For estimates concerning specific diseases which frequently are or may be foodborne see under Brucellosis, Cholera, Diarrhoeal diseases, Intestinal parasitic infections, and Toxoplasmosis. It should be noted also that even in favourable circumstances only a small fraction of foodborne diseases are recognized and reported. Studies suggest that the ratio of actual to reported cases varies between 25:1 and 100:1.

It is estimated that in possibly up to 70% of cases, food is the vehicle for transmission of diarrhoeal diseases. Also of importance are intoxications due to Bacillus cereus, Clostridium perfringens, Staphyloccocus aureus and infections due to pathogenic Escherichia coli. The latter account for up to 25% of all diarrhoeal episodes and are often related to contaminated weaning foods. Information available from some Latin American countries indicates that many of the foodborne diseases (excluding cholera which has recently devastated the region) have increased by up to 100% (or more), within a few years.

Similarly, many industrialized countries in Europe, North America and Oceania have experienced a succession of major epidemics of foodborne diseases. The current incidence of more than 1,200 reported cases per million inhabitants, as an average for Europe, is about 3 times higher than was recorded in 1984. Poultry has been implicated in many outbreaks, and in some countries investigations have shown that up to 100% of poultry may be contaminated with foodborne pathogens such as salmonella and/or Campylobacter.

Travellers are especially at risk from foodborne diseases. It is estimated that 20-50% of the approximately 400 million travellers who annually cross international borders may suffer from foodborne diseases. With the growing tourism industry, it is expected that the number of foodborne diseases will increase.

1. Based on WHO programme information.

Rabies [1]

Wildlife rabies is present in large areas of the northern hemisphere in many different animal species (e.g. fox, skunk, raccoon, raccoon dog, mongoose, etc.). Although only a small number of human deaths are reported there, rabies remains a permanent public health hazard and represents a major obstacle to the free movements of people and their pets.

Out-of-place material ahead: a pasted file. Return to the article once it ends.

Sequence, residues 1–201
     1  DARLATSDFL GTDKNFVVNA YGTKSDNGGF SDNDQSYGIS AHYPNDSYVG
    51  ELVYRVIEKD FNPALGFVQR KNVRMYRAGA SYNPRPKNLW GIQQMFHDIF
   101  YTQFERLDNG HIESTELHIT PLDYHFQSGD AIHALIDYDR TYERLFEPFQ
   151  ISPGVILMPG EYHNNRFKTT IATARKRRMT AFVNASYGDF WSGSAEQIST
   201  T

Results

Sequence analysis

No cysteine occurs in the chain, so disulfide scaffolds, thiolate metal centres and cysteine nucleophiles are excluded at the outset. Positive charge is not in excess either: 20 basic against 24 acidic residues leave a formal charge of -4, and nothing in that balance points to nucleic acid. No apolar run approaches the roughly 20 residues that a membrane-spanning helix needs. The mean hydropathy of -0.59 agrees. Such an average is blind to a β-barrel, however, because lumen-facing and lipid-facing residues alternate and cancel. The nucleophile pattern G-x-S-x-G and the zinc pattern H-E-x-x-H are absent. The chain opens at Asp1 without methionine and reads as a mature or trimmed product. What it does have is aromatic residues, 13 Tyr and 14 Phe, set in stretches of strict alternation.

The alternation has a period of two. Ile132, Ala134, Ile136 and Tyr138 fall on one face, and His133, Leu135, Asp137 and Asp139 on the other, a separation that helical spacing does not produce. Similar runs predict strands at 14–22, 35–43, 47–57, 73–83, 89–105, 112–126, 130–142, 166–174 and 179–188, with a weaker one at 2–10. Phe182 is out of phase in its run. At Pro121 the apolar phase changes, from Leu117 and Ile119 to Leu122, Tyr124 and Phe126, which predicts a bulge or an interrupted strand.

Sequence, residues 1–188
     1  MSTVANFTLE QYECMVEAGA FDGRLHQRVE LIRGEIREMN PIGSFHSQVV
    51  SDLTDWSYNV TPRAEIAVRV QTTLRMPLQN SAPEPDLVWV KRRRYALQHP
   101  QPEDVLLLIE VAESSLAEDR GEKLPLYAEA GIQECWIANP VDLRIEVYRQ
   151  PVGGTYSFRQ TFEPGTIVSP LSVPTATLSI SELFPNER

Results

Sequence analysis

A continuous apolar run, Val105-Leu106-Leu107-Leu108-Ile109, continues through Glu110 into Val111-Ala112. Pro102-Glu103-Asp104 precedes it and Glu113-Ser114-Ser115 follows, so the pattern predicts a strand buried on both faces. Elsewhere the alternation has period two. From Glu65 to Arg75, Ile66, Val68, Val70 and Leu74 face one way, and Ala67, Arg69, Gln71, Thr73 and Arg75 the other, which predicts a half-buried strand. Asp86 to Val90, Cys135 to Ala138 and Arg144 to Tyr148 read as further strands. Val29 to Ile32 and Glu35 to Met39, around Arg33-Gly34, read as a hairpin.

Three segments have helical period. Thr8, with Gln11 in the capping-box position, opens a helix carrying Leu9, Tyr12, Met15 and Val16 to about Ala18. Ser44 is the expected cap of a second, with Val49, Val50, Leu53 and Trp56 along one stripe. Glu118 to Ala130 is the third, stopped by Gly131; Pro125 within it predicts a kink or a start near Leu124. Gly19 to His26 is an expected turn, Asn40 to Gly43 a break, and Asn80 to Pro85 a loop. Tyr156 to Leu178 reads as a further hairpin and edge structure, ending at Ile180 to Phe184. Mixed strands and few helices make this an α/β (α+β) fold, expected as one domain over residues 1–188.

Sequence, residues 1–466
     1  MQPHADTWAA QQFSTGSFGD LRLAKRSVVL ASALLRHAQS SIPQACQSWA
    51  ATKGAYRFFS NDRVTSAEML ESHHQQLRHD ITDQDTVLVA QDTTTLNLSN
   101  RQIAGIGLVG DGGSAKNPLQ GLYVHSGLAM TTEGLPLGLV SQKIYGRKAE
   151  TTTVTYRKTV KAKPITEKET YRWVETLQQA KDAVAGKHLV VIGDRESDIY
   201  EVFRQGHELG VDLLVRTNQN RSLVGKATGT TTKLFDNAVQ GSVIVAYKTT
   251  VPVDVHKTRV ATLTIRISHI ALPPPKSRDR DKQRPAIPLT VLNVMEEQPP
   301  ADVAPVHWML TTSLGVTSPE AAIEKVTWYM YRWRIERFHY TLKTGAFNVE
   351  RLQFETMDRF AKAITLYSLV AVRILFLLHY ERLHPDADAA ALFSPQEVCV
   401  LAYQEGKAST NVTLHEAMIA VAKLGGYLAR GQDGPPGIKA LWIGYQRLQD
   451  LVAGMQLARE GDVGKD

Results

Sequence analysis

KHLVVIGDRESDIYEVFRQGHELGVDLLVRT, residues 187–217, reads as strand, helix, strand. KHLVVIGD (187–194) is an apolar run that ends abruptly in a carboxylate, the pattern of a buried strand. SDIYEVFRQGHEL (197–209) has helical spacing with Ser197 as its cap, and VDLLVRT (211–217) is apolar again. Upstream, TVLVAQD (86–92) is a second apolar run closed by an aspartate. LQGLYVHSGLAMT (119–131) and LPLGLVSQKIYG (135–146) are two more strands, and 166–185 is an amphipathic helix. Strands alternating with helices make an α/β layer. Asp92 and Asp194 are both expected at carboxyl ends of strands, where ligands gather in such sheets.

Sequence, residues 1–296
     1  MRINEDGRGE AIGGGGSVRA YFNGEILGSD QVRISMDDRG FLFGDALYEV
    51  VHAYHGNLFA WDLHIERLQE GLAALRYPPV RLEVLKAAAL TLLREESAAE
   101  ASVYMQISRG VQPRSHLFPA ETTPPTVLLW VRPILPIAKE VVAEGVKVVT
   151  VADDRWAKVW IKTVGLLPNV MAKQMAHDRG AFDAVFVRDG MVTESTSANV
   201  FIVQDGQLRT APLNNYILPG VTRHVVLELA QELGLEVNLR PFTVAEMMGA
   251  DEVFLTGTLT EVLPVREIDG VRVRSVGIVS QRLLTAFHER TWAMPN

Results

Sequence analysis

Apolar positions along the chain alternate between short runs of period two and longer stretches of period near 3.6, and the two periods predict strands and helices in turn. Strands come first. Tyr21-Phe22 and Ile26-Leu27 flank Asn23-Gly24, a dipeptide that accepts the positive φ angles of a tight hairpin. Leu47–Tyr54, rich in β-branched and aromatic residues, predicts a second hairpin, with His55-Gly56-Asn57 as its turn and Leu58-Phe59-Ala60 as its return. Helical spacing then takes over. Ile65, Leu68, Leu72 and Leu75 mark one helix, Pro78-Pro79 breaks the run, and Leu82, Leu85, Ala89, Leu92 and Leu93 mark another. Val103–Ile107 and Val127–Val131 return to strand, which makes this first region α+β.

Dog rabies is still present in 87 countries and territories (with a total population of 2.4 billion) and where about 35,000 human deaths due to rabies are estimated to occur each year. In these areas a total of 5 million persons would require rabies post-exposure treatment in order to prevent 80% of these deaths. Total current annual expenses related to the prevention and control of the disease in humans and animals is estimated to be in the range of US$ 150 - 250 million. Comprehensive programmes for the control of the disease in dogs have been shown to cost 25-52% less than a programme for improved post-exposure delivery in human beings.

1. Based on WHO programme information.

Hepatitis B [1]

More than 2 billion people have been infected with the hepatitis B virus (HBV) globally; this figure includes some 325 million chronically infected carriers of the virus. Three-quarters of the world's population live in areas where there are moderate to highly endemic levels of infection. In developing countries, HBV infection usually occurs during childhood, while in developed countries it usually occurs among adult members of high-risk groups defined by lifestyle or occupation. HBV infection is directly related to 1-2 million deaths per year. Although acute hepatitis B is an important disease, most of the morbidity and mortality occurs in chronic carriers, approximately one-quarter of whom will die from chronic active hepatitis, cirrhosis or primary liver cancer. Primary liver cancer is a leading cause of cancer death in males in most of sub-Saharan Africa and much of East and South-East Asia and the Pacific Region.

By the year 2000, applying the current prevalence of carriers onto projected year 2000 population data, it is estimated that there will be 400 million HBV carriers in the world if HB vaccine is not widely used.

1. Based on WHO programme information.

Trachoma [1]

Trachoma is still one of the major causes of blindness in the world today, with an estimated 69 million blind and around 500 million people living in areas with endemic blinding trachoma.

1. Based on WHO programme information.